Retreat allows council to build priorities

Published 6:04 pm Monday, April 11, 2016

MIKE VOSS | DAILY NEWS CONCENTRATION: Council members Richard Brooks (left) and Larry Beeman prioritize issues, challenges and opportunities the city faces in the coming years. The work was part of a council retreat held Saturday.

CONCENTRATION: Council members Richard Brooks (left) and Larry Beeman prioritize issues, challenges and opportunities the city faces in the coming years. The work was part of a council retreat held Saturday.

Building a new headquarters for the Washington Police Department — and finding the money to pay for it — is the city’s No. 1 challenge, according to the Washington City Council and Mayor Mac Hodges.

The new police department headquarters was at the top of a prioritized list of challenges, issues and opportunities facing the city, with that list developed by the council and mayor during a retreat held Saturday at Washington-Warren Airport. The retreat was facilitated by David Long, who has been a professional planner since 1974, including 30 years with the North Carolina Department of Commerce. He also has served as a retreat facilitator for numerous North Carolina counties and municipalities.

The other top issues, winnowed from an initial list of 34 issues, challenges and opportunities identified by the council members and mayor, include the following (in descending priority):

• developing a vision and plan for the city covering the next 20 years;

• addressing drainage issues in the city;

• improving and enhancing the downtown  area (keeping it clean) so residents and visitors will want to return there;

• determining whether the city will continue to operate and maintain the city-owned pool with its associated costs;

• addressing the aging infrastructure downtown (old water lines, sewer lines);

• better maintain city facilities and remove those facilities that are beyond repair and/or no longer useful;

• City Council set a positive tone in the relationship between the council and city employees.

The retreat’s format allowed each council member and the mayor to provide individual input without interruption and comment by the others. Once that input was provided, then discussion about that input was used to help determine the top issues and prioritize them. A scoring system determined the top priorities. Many of those priorities have a connection to tourism, according to the council members and mayor.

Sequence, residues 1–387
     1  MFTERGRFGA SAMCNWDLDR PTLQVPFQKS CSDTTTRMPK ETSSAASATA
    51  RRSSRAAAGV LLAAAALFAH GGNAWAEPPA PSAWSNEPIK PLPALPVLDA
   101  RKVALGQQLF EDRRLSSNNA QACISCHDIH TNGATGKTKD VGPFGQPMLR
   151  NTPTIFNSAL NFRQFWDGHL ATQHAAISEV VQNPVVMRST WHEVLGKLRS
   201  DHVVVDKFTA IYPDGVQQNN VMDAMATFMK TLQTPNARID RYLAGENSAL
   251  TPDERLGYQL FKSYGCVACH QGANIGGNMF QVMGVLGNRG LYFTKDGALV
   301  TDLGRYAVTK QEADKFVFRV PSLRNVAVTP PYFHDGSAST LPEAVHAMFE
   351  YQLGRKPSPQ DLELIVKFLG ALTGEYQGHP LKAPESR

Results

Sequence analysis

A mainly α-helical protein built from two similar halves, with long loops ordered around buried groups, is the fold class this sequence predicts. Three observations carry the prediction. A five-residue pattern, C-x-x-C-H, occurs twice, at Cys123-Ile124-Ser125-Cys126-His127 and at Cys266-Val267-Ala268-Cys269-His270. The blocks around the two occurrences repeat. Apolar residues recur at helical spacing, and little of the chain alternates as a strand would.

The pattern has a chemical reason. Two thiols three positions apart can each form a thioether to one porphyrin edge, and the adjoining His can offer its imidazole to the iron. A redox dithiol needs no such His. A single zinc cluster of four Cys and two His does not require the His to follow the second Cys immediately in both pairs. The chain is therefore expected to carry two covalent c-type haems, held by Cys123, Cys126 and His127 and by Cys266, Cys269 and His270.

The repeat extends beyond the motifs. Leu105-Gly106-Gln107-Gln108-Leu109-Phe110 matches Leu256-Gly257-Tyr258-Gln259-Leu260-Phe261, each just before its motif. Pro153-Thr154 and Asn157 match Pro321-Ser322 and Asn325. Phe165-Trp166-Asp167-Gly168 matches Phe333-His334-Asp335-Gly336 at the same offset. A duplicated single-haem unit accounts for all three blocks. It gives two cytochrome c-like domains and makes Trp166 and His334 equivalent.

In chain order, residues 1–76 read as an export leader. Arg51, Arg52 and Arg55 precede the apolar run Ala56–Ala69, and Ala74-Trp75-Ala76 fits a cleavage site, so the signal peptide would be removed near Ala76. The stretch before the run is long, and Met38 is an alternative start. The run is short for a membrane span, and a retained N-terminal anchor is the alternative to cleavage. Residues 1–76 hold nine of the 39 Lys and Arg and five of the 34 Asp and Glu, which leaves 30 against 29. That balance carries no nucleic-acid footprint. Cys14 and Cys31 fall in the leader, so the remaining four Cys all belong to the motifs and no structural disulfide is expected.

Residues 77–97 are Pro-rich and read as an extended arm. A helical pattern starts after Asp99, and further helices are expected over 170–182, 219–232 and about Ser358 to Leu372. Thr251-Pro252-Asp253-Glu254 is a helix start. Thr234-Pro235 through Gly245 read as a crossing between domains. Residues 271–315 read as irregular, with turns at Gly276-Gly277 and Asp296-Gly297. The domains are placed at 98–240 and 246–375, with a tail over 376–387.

The construction of a new police department headquarters has been discussed for many years, but in the past several years it has been a back-burner matter. Now it’s in the forefront again. So much so that the proposed city budget for the upcoming year includes funding to begin the process of building a new police station.

In 2011, the city suspended efforts to build a new police station, citing the lack of funds. In 2011, the total estimated cost of a new police station — construction, site preparation, soil analysis, architectural/engineering fees, moving costs and other fees — came to an estimated $4.3 million, according to figures provided to the council. The construction cost and site work cost combined came to $3.22 million. At the council’s March 8, 2011, meeting, the council decided it wanted the project cost closer to $3 million rather than $4.3 million.

The council was on record as supporting allocating $3 million for the new station, with $1 million in revenue coming from the city’s public-safety reserve fund, another $1 million borrowed from the U.S. Department of Agriculture and $1 million from other sources, including grants.

The city has looked at building a separate police station or a facility that would house police, fire, rescue and EMS services.

For several years, the city has been setting aside part of its general-fund revenues into a reserve fund to help pay for capital expenditures such as building a new police station. Of the city’s property-tax rate of 50 cents per $100 valuation, just under 2 cents of that rate is designated for the city’s Public Safety Capital Reserve. Currently, that fund receives about $167,000 each fiscal year.

For additional coverage of the retreat, see future editions of the Washington Daily News.





About Mike Voss

Mike Voss is the contributing editor at the Washington Daily News. He has a daughter and four grandchildren. Except for nearly six years he worked at the Free Lance-Star in Fredericksburg, Va., in the early to mid-1990s, he has been at the Daily News since April 1986.
Journalism awards:
• Pulitzer Prize for Meritorious Public Service, 1990.
• Society of Professional Journalists: Sigma Delta Chi Award, Bronze Medallion.
• Associated Press Managing Editors’ Public Service Award.
• Investigative Reporters & Editors’ Award.
• North Carolina Press Association, First Place, Public Service Award, 1989.
• North Carolina Press Association, Second Place, Investigative Reporting, 1990.
All those were for the articles he and Betty Gray wrote about the city’s contaminated water system in 1989-1990.
• North Carolina Press Association, First Place, Investigative Reporting, 1991.
• North Carolina Press Association, Third Place, General News Reporting, 2005.
• North Carolina Press Association, Second Place, Lighter Columns, 2006.
Recently learned he will receive another award.
• North Carolina Press Association, First Place, Lighter Columns, 2010.
4. Lectured at or served on seminar panels at journalism schools at UNC-Chapel Hill, University of Maryland, Columbia University, Mary Washington University and Francis Marion University.

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